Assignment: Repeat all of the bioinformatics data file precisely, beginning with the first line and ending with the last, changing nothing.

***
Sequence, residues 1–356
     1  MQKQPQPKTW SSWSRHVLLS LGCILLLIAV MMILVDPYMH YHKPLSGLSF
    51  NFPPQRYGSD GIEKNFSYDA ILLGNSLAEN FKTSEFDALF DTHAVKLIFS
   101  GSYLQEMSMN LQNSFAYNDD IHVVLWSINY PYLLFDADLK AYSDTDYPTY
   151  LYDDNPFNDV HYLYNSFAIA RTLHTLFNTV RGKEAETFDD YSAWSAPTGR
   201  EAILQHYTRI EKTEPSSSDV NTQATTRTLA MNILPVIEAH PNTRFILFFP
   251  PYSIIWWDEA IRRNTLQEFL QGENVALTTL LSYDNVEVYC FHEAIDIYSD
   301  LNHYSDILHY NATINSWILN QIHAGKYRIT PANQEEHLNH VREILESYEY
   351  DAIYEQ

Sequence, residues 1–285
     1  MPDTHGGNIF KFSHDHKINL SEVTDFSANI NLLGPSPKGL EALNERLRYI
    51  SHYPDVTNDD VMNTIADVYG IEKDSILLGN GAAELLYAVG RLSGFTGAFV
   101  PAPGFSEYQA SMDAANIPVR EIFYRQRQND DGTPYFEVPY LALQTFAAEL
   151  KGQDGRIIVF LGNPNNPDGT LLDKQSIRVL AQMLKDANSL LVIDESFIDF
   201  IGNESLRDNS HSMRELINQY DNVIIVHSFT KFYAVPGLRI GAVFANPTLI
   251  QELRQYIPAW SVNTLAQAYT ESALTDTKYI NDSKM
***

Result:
Sequence, residues 1–356
     1  MQKQPQPKTW SSWSRHVLLS LGCILLLIAV MMILVDPYMH YHKPLSGLSF
    51  NFPPQRYGSD GIEKNFSYDA ILLGNSLAEN FKTSEFDALF DTHAVKLIFS
   101  GSYLQEMSMN LQNSFAYNDD IHVVLWSINY PYLLFDADLK AYSDTDYPTY
   151  LYDDNPFNDV HYLYNSFAIA RTLHTLFNTV RGKEAETFDD YSAWSAPTGR
   201  EAILQHYTRI EKTEPSSSDV NTQATTRTLA MNILPVIEAH PNTRFILFFP
   251  PYSIIWWDEA IRRNTLQEFL QGENVALTTL LSYDNVEVYC FHEAIDIYSD
   301  LNHYSDILHY NATINSWILN QIHAGKYRIT PANQEEHLNH VREILESYEY
   351  DAIYEQ

Sequence, residues 1–285
     1  MPDTHGGNIF KFSHDHKINL SEVTDFSANI NLLGPSPKGL EALNERLRYI
    51  SHYPDVTNDD VMNTIADVYG IEKDSILLGN GAAELLYAVG RLSGFTGAFV
   101  PAPGFSEYQA SMDAANIPVR EIFYRQRQND DGTPYFEVPY LALQTFAAEL
   151  KGQDGRIIVF LGNPNNPDGT LLDKQSIRVL AQMLKDANSL LVIDESFIDF
   201  IGNESLRDNS HSMRELINQY DNVIIVHSFT KFYAVPGLRI GAVFANPTLI
   251  QELRQYIPAW SVNTLAQAYT ESALTDTKYI NDSKM